I've been struggling as a writer as to whether the Sublight series should be a novel or a sitcom. Novels have a definite beginning, middle, and end. Sitcoms just keep putting the same characters into different situations, and never really allowing for much change in between.

Youtube must have picked up on my existential dread, because somewhere in my playlist this popped up:

Immediately followed by:

Let's focus on the Futurama... eh... clip? If you don't have 70 minutes to listen to the guy whinge, most of the criticisms he lays down center on times in the show where they never really developed the characters much. The only time Fry and Lela ever get a satisfying ending is when... well... the series is ending. And it ended several times.

I'm running across the same problem trying to get into watching Stargate. After having watched all of the Episodes of Star Trek. And Star Trek The Next Generation. And Voyager. And Deep Space 9. (I only made it through 2 seasons of Enterprise)

What is killing me is the fact that you really can't binge watch that style of show. It was meant to be a consequence free 60 minutes (45 if you cut the commercials) escape doled out in 1 week increments. A bit like a dessert. Yes, it's the same damn ice cream cone you have every day. But it's been 24 hours since your last one. You might get an occasional 2 or 3 part episode.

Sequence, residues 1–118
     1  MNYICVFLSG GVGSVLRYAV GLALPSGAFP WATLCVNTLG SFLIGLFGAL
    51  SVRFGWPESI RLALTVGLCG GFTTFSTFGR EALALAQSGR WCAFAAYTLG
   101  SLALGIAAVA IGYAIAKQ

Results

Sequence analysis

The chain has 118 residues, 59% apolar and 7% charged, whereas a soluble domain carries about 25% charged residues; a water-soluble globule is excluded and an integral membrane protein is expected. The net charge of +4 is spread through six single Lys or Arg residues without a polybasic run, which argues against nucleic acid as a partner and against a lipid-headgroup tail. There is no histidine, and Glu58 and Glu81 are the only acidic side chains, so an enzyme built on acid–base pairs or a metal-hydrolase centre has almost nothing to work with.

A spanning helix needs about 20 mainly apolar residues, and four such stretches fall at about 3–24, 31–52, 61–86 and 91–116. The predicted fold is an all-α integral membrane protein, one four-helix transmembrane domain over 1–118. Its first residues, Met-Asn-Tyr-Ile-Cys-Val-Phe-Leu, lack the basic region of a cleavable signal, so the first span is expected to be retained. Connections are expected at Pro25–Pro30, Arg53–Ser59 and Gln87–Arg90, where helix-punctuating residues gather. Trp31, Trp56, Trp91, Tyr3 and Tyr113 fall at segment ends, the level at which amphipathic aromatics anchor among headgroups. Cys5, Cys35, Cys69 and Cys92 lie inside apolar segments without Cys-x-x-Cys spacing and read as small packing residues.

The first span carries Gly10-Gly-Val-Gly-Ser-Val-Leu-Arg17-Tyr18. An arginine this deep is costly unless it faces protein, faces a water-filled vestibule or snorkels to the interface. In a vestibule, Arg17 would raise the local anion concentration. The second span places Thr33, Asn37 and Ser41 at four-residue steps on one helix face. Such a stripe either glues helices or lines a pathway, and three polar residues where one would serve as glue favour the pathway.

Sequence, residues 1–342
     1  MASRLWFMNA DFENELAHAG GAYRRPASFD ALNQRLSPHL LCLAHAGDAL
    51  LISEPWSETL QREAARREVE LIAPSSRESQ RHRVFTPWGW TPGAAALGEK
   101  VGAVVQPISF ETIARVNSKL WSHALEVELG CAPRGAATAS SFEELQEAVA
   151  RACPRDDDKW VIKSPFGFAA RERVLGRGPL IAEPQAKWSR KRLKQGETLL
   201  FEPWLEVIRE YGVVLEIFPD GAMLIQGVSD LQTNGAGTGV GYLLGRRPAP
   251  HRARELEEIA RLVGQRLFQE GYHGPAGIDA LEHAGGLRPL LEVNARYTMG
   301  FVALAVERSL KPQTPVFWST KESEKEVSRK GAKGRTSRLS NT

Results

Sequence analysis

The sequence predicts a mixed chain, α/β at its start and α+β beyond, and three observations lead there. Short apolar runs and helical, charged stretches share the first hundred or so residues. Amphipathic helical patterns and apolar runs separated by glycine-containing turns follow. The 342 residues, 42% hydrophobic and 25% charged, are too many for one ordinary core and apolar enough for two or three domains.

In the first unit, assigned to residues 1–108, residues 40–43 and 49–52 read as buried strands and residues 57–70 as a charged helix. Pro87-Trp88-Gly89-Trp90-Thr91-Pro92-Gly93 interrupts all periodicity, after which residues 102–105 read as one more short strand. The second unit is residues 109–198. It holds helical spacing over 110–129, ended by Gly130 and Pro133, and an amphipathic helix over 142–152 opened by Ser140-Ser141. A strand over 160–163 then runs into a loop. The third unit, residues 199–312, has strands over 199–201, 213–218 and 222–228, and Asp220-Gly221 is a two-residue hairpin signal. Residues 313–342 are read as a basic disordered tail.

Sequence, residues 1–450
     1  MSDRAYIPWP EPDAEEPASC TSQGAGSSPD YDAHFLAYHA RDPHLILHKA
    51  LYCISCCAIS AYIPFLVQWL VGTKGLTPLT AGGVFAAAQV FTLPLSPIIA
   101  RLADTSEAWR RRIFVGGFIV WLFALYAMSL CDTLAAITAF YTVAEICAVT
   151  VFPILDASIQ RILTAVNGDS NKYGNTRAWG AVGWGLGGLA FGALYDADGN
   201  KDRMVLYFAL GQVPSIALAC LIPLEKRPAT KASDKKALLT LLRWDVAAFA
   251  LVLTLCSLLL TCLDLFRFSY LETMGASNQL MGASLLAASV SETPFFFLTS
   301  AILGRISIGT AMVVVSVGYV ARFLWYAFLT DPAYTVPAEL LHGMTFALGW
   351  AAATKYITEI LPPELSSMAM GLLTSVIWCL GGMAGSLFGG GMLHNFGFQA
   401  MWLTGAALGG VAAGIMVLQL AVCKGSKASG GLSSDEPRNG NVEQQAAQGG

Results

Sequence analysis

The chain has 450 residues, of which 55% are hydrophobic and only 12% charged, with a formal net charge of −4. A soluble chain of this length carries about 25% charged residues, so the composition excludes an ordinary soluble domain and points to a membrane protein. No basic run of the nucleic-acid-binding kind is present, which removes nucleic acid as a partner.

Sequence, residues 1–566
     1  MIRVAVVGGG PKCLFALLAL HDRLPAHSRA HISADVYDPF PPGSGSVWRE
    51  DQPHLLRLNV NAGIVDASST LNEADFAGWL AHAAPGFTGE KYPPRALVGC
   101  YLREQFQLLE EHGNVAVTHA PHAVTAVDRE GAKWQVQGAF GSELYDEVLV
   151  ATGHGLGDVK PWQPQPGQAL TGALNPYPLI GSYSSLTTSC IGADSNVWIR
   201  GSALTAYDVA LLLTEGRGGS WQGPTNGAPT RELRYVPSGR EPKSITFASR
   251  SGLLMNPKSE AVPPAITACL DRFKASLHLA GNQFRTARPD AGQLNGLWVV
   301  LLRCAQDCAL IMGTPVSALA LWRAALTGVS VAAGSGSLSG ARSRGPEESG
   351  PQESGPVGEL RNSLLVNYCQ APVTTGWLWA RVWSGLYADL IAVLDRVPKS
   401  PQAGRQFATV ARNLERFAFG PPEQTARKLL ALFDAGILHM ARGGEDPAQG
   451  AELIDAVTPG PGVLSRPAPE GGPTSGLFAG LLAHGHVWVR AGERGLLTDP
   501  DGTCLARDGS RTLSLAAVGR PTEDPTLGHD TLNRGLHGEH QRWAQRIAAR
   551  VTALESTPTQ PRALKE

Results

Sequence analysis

Then I remember the joy I had as a kid watching Robotech. GI Joe and Transformers, yeh, they were kind of great. But I would race home in 5th grade to catch Robotech. You couldn't miss an episode. It was so much different than any other TV show I had ever seen. Major Characters died. The setting evolved. Foes became allies, and allies became foes. The characters who started the show were very different as they were worn down by the end. Rick evolved from a hippie pacifist to a hardened fighter ace. Lisa started off a no-nonsense officer, and evolved into a humanist. The only major characters who really didn't evolve were Khyron and Minmei. And they were pretty tragic characters.

I guess where I'm going with all of this is that I'm kind of envisioning that instead of writing Sublight as an open-ended series, each of the books should be stand-alone. As far as length, I think each "Season" should be about 7 episodes of about 60 minutes each.